Married…With Children: ”Aaagh, God, take me from this miserable life!”
Thirtysomething: ”I’m not angry, OK?”
The Flintstones: ”Willllmaaaa!”

Typical Problem
The Brady Bunch: Marcia and her rival both want to be the prom queen.
The Bradys: Bobby gets paralyzed.
Married…With Children: Al doesn’t buy his family Christmas presents.
Thirtysomething: Nancy gets cancer.
The Flintstones: Fred and Barney are staying out too late.

Typical Solution
The Brady Bunch: The prom committee decides to have two queens.
The Bradys: Bobby gets married.
Married…With Children: They hate him.
Thirtysomething: If only we knew…
The Flintstones: Wilma and Betty decide to follow them.

House Style
The Brady Bunch: Conservative but mod, circa ’69
The Bradys: Conservative but mod, circa ’90
Married…With Children: Roach motel
Thirtysomething: Enviable
The Flintstones: Suburban cave

Clothing Style
The Brady Bunch: Early Osmonds
The Bradys: Made in the USA
Married…With Children: Flammable fabrics
Thirtysomething: Eclectic earth tones; nice ties
The Flintstones: One-piece

Most Annoying Character
The Brady Bunch: Alice’s cousin Emma, the substitute housekeeper (too strict)
The Bradys: Marcia’s husband, Wally (chronically unemployable)
Married…With Children: Steve (supercilious)
Thirtysomething: Ellyn (goes through Hope’s drawers, babbles, changes hairstyle every other week, generally mistreats her friends)
The Flintstones: Mr. Slate (bossy)

Attitude Toward Sex
The Brady Bunch: Never heard of it
The Bradys: Omigod — even Cindy does it!
Married…With Children: Peg: Yes. Al: No.
Thirtysomething: They didn’t get all those kids by accident.
The Flintstones: Prehistoric

How Spouses Fight
The Brady Bunch: They don’t.
The Bradys: Infrequently, but it happens
Married…With Children: Tooth and nail
Thirtysomething: They stop talking
The Flintstones: Fred and Barney go bowling while Wilma and Betty max out their charge cards.

How Kids Get Into Trouble
The Brady Bunch: Greg takes a puff of a cigarette.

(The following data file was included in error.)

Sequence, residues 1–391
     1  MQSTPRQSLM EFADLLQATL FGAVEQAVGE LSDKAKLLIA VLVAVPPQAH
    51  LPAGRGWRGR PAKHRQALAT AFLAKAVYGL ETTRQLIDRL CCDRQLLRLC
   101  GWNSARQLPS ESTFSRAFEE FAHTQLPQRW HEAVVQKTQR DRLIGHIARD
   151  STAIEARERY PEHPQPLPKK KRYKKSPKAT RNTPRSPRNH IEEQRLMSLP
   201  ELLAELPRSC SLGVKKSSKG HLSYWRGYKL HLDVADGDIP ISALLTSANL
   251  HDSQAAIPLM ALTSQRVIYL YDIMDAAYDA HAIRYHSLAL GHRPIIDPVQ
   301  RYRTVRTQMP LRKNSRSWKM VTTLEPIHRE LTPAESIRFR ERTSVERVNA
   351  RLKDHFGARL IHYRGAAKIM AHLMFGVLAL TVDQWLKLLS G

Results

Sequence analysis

The Bradys: Carol’s grandson steals her business cards and sticks them in the spokes of Bobby’s wheelchair.
Married…With Children: By committing felonies
Thirtysomething: Ethan plays with a forbidden toy rocket.
The Flintstones: They don’t.

How They’re Punished

The Brady Bunch: ”It’s not what you did, honey — it’s that you couldn’t come to us.”
The Bradys ”Next time, ask.”
Married…With Children: By the authorities
Thirtysomething: It blows up in his face.
The Flintstones: They’re not.

What Family Does For Fun
The Brady Bunch: Takes special three-part vacations to Hawaii and the Grand Canyon
The Bradys: Has flashbacks
Married…With Children: Exchanges insults
Thirtysomething: Talks
The Flintstones: Attends showings of The Monster at the Bedrock Drive-In

Unsolved Mysteries
The Brady Bunch: How exactly did Carol’s first husband and Mike’s first wife die?
The Bradys: What’s with Marcia’s new face and Bobby’s blonde hair
Married…With Children: What kind of hair spray does Peg use?
Thirtysomething: Why did Nancy take Elliot back? What do Gary and Susanna see in each other?
The Flintstones: How does Barney’s shirt stay on if he has no shoulders? Where do Fred and Wilma plug in their TV?

Worst Behavior
The Brady Bunch: The Brady children once made Alice feel under-appreciated.

The Bradys: Marcia’s son Mickey watches Bobby’s car-crash tape for fun.
Married…With Children: The Bundy’s kill their neighbor’s dog.
Thirtysomething: Elliot has an affair and talks about it.
The Flintstones: Characters don’t wear under-clothes.

Best Reason To Watch
The Brady Bunch: This is what life should be.
The Bradys: They’re all grown-ups now!
Married…With Children: Terry Rakolta hates it.
Thirtysomething (Tie) This is your life. This isn’t your life.
The Flintstones: This is what life might have been.

Best Reason Not To Watch
The Brady Bunch: Blurred vision from rerun overdoses.
The Bradys: You’re all grown-ups now.
Married…With Children: She has a point.
Thirtysomething: After a while, you think it’s real.
The Flintstones: The Simpsons